Returning to training after an injury, serious or not, is never easy. Between the fear of a relapse, the revision of your goals for a while and the pain that can reappear, it’s important to prepare an action plan to come back strong! In this article, we provide a brief overview of good practices for calmly combining sports practice and physical safety following an injury.

Returning to exercise: prevention is better than cure

A good warm up

After a long period of convalescence, it’s always recommended to return to practice gradually. There is no point in rushing: on the contrary, it could aggravate your injury which has just healed. We therefore advise you to take the time to warm up. 10-15 minutes should be enough, but feel free to take longer if needed. By warming up your muscles and joints well, you prepare them for impacts and condition them to the environment: temperature, humidity, altitude, etc.

Don’t rush things

By wanting to go too fast, you risk botching your technique, positioning yourself badly, carrying loads that are way too heavy or even not recovering enough between each set. Rather than relying on intensity as soon as you return to training, favor the regular frequency of short sessions. It’s always better to train less, but more often: why not try 3 to 5 small light sessions per week, rather than one big weekly session?

Include stretching at the end of each workout

Like warming up, stretching is a big injury reduction factor in sports. As we know, it’s sometimes tempting to go straight home after a workout, and throw stretching into oblivion. However, this moment of recovery is essential, and will allow you to improve, among other things, your muscle and joint flexibility, your mobility, your stability and balance, etc. By working on the optimization of all these elements, you considerably reduce your risk of injury!

Wear an orthosis if needed

HHigh-quality orthopedic devices such as orthoses are real allies in your recovery from joint injury. Both effective, comfortable and aesthetic, orthoses support and stabilize your knee, ankle, etc. and make it possible to minimize their stress. The EVO clinics specialize in the design of personalized orthoses in 3D, by scanning body parts. This technology makes it possible to offer orthopedic equipment that meets the needs of athletes as closely as possible, for optimal and safe recovery. Even after recovery, wearing such equipment is advisable: as this area of ​​your body has already suffered trauma, it may be subject to re-injury. In addition, an orthosis can be worn as a preventive measure to avoid injuries, like when you’re skiing!

Be aware of the difficulty to move forward

Connect with a health professional

Do you know what a kinesiologist is? This health professional specializes in human movement, and knows the best practices to adopt in order to preserve you. It can therefore be really interesting after an injury, to partner with a kinesiologist, for the purposes of prevention, treatment and performance. In the same way, you can opt for sessions with a physiotherapist, in order to design a suitable training program. What is the difference between these two practitioners? While kinesiology helps the patient adopt a healthy lifestyle through physical activity and movement, physiotherapy rehabilitates a part of the body that has suffered a trauma, through exercises.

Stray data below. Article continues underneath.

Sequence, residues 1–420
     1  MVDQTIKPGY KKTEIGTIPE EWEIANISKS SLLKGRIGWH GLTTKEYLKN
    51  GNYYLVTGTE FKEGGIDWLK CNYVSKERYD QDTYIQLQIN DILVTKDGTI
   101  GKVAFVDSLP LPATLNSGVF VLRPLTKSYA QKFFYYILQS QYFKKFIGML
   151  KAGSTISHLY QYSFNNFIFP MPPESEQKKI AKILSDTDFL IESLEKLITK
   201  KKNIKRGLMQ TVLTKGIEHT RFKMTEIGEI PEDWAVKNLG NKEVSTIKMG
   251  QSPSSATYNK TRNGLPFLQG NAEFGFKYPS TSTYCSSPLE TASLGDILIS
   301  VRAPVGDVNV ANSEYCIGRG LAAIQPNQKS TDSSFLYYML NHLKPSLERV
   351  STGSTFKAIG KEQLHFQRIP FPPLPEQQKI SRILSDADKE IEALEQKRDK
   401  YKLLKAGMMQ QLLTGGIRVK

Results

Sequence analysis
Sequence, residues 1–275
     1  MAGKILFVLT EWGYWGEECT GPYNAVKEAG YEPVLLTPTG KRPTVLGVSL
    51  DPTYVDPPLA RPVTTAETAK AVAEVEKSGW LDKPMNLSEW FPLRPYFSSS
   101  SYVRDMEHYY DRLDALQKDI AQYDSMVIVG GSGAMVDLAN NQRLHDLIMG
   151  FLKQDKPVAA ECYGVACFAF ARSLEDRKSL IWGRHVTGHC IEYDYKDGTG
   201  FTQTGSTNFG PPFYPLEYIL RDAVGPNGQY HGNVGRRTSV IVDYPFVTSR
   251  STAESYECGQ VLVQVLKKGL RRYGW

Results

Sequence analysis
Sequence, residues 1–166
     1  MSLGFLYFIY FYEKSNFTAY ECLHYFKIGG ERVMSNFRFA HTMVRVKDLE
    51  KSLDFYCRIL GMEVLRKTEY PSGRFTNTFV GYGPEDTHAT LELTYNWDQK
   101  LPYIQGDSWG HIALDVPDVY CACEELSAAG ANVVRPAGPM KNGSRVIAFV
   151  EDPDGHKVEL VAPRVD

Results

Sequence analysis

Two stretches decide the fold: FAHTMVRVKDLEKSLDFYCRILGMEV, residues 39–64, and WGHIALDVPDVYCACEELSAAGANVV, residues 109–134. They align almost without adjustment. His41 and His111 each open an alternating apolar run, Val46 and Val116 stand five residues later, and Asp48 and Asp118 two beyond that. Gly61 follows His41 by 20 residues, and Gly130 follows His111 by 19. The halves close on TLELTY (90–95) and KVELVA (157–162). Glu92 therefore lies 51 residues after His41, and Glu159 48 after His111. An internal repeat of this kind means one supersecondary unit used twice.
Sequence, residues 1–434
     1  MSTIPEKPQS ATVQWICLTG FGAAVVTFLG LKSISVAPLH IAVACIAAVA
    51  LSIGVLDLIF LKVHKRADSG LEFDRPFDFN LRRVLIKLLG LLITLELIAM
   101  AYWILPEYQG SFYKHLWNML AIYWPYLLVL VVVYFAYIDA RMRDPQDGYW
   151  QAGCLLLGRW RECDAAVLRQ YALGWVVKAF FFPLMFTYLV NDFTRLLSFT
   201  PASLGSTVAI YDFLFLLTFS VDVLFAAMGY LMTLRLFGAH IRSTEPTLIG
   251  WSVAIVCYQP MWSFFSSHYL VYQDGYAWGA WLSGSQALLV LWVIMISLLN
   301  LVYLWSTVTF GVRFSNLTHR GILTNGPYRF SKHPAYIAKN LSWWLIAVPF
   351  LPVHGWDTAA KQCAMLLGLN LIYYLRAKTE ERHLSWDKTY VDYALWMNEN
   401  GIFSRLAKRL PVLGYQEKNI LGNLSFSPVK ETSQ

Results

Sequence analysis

Listen to the signals sent by your body

Your body is a wonderful smart machine, and able to send you the right signals when necessary. If you tend to pull too hard on the rope when you should take it easy, your body will let you know. During your training, stay tuned to your sensations and do not hesitate to rest as long as necessary. You can then resume your practice quietly, without exhausting yourself. And if the pain is still there, nothing prevents you from working other perfectly valid parts of the body. Did you hurt your arm? Work your legs or abs! An injury shouldn’t stop you from keeping moving, so have fun!

Prioritize soft and impact-free activities

If you’ve suffered from an impact injury (resulting from a knee, foot, Achilles tendon or meniscus injury), it may be a good idea to start moving gently again, by practicing low-impact activities. It could be swimming, cross-country skiing, yoga, cycling, walking or even gardening! With these practices, you don’t exert significant pressure on the joints, you keep moving and you improve your aerobic condition! You see, we have everything to gain by resuming smoothly.

Avoiding painkillers

We may be tempted to use painkillers to relieve pain. Unless you absolutely need them, per a prescription from your family doctor, try not to overuse them. According to a medical study, excessive use of painkillers can lead to many downsides: misuse of the drug, depression, drug interactions and possibly a delay in the management of the pathology. Now you know: anti-inflammatories are not mandatory!

Returning to training following an injury: what you need to remember

Returning to practice after an injury is not easy, but far from insurmountable! The key? Arm yourself with patience, do not go too fast, and surround yourself with health professionals who will accompany you in your comeback to full performance!

It should also not be forgotten that in the event of an injury, the secrets to returning to performance are:

  • an accurate diagnosis ;
  • an adapted treatment and rehabilitation;
  • respecting the healing and return to sport deadlines.